Because I've been running on the treadmill. And I feel like I'm getting nowhere (literally). My weekly mileage should be creeping up, but I can only do so much on the treadmill in an hour. And the physical mechanics of running are completely different on a treadmill than on the road. On the road, I'm propelling myself forward. On the treadmill I feel like I'm desperately trying to keep myself from propelling backwards. On the road, I control the speed from foot strike to foot strike. On the treadmill, there's no natural control of speed; instead, I feel like I'm controlled by the treadmill.
I was into week three of my training plan and it just didn't feel like I was making any great strides toward a marathon. My right leg (hip to knee to calf) was feeling oh-so-abused. Every time I would get on the treadmill, it was searing pain. So I slowed my pace down on the treadmill, and it helped a bit. But this just made me feel like a slug. I start wondering if it's all in my head. Really. How can running on the treadmill in air conditioning be so much harder than running on uneven pavement? And in the scorching summer heat of Cairo?!
No matter what I did, the treadmill running didn't work for me. So last week I decided I would try the early morning run - something I've never, ever, EVER done. At 5AM. Before work. Ug. I TOTALLY HATE WAKING UP THAT EARLY. But with my best alternative option (lunch time treadmill) proving to be the worst option, I had to do it.
Only one thing stood in my way. A 32-pound, 20-month-old toddler. That's right. Just as I was making a monumental decision about my marathon training, my Kellen decided he no longer needed his crib to sleep in. In fact, he decided that he didn't need any sleep. At. All. Just like *that*, the little dude refused to nap in the afternoon. I assumed it was a fluke. When it came time for bed, I tucked him in his crib. He's always been a good sleeper - down to sleep by 7:30PM, up around 6:30AM. I KNOW. Awesome, right?
Well, not that night. Insted, after I tucked him in, he was up, out of his crib, screaming, and BAM! Jumping out of the crib and pounding on the door. BAM BAM BAM! I tried to tuck him in the the toddler bed I had diligently assembled months ago, but he would have none of that either. My husband and I drug the mattress from the spare room to the baby's room. We plopped it on the floor and piled it high with his favorite stuffed animals. Finally after about an hour and a half, he fell asleep on it. I thought I was home free - he'd gone to bed so much later than usual, he was certain to sleep late the next morning, right? I was sure I'd be able to haul my exhausted self out of bed at the wee hours of the morning and go for a run. The run I so desperately needed to prove to myself that I WAS training for a marathon.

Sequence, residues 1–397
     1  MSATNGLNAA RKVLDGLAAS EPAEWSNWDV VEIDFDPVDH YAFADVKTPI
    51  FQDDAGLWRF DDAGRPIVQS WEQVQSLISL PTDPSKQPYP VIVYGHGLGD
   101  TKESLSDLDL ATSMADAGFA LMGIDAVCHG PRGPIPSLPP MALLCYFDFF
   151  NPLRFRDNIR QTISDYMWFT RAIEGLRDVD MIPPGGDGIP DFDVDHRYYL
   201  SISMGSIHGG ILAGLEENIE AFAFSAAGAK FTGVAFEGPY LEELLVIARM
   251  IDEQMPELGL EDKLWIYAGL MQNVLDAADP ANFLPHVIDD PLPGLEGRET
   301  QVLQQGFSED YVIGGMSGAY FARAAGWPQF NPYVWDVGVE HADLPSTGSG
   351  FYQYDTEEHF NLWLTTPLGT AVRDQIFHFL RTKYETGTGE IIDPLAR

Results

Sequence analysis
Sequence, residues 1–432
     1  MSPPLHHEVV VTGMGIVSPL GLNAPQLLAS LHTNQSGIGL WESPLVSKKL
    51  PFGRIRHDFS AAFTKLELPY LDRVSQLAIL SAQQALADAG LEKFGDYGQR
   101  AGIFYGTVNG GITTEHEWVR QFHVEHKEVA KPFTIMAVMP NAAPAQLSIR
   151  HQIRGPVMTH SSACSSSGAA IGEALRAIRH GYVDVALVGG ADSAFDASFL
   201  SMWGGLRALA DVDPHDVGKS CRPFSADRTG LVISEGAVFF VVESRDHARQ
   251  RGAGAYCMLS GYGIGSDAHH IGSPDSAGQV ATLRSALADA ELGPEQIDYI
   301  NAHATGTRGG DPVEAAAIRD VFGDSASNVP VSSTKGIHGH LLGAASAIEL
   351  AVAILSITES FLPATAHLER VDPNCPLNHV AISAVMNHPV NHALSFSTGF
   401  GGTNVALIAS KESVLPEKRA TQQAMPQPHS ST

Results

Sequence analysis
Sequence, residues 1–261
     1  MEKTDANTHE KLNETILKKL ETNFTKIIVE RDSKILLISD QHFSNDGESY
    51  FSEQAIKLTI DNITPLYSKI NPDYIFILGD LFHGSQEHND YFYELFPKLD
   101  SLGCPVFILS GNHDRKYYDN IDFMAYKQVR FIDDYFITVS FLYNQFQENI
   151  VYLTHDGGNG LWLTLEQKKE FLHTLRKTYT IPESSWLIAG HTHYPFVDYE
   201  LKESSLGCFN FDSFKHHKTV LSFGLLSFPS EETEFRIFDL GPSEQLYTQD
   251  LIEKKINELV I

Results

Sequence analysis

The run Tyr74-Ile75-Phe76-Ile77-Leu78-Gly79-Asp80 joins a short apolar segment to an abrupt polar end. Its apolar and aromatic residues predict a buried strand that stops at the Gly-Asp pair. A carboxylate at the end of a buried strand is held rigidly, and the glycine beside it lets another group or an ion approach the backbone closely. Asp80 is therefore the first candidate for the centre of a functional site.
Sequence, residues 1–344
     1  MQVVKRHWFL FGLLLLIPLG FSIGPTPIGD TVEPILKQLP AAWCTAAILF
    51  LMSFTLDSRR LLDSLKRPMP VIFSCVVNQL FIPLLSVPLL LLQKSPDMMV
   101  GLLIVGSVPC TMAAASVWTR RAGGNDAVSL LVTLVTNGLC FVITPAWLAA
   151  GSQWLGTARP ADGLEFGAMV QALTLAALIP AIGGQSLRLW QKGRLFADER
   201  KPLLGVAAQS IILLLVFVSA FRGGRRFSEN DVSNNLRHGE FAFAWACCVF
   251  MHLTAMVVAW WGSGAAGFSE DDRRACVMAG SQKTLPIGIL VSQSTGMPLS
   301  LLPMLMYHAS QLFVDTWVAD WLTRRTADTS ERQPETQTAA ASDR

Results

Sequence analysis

Of course, wrong. 5AM came around and I got up - not to the sound of my alarm but to the sound of the baby pounding on his door, crying. I opened his door and he flung himself into my arms. What was I to do? Crawl into bed and snuggle with him of course. At that moment it didn't matter what I needed - it was what he needed that was most important. It was a sweet morning, despite missing my run.
|Glorious, sleeping baby.|
Thankfully, thankfully! He went to be easier the next night and was sleeping when I gingerly put on my sneakers and grabbed my iPod. I tiptoed downstairs, careful not to wake the fab hubby or the kiddos. Five Miles. That's all I had to do. Surprisingly, it's absolutely amazing at 5:30 in the morning. So few people outside, save for the boabs and the other crazy runners outside, trying to beat the heat or get some miles in before work. The sun was already up and the weather was perfect - not too hot, not to cold. Why hadn't I done this before? (Oh, I know - I HATE waking up early.)
I finished my run easily that morning. I had minimal pain AND I had finished it faster than if I'd attempted to run it on the treadmill. When I got back in the house, the baby was up and playing and happy to see me. I went to work that day - and didn't have to spend my lunch hour on the treadmill.
Later in the week I finished up two other early-morning runs - including a fast 2-miler and a long, 8-miler. My leg is feeling better; I'm sore but not hurt/injured (there is a different between true pain and workout-soreness); and my outside running pace is surprisingly faster than my treadmill run/walk pace. Is it all in my head? Or am I simply not a treadmill runner? I dunno. I tend to think it's the mechanical issues and my running form, but in any case - I'm not training on a treadmill any more.
Fourteen weeks left until my marathon. FOURTEEN. Last week, my long run was 8 miles; this week it will be 10 miles. I'm pounding out two weekly runs (5 miles each) before work; two days at work, I'll be cross-training (bike? elliptical?) and lifting weights (which I've been doing). And my long run should increase each week by 2 miles (except for the weeks we're on R&R - I'll have to adjust those based on our schedule), gradually getting to the epic 20-miler I'll be doing one morning in September.
I know I can do this. I just needed to get it out of my head that I couldn't do it. My only goal is to finish - time doesn't matter (although I have to finish in under 6.5 hours based on the race requirements).
Now if only I could get the baby to stop trying to thwart my marathon plans. We're one week into Kellen using his new bed - and he's had good nights and bad nights, as well as good mornings and bad mornings. Tomorrow is a run morning for me --- and I so hope it's a good morning for him as well.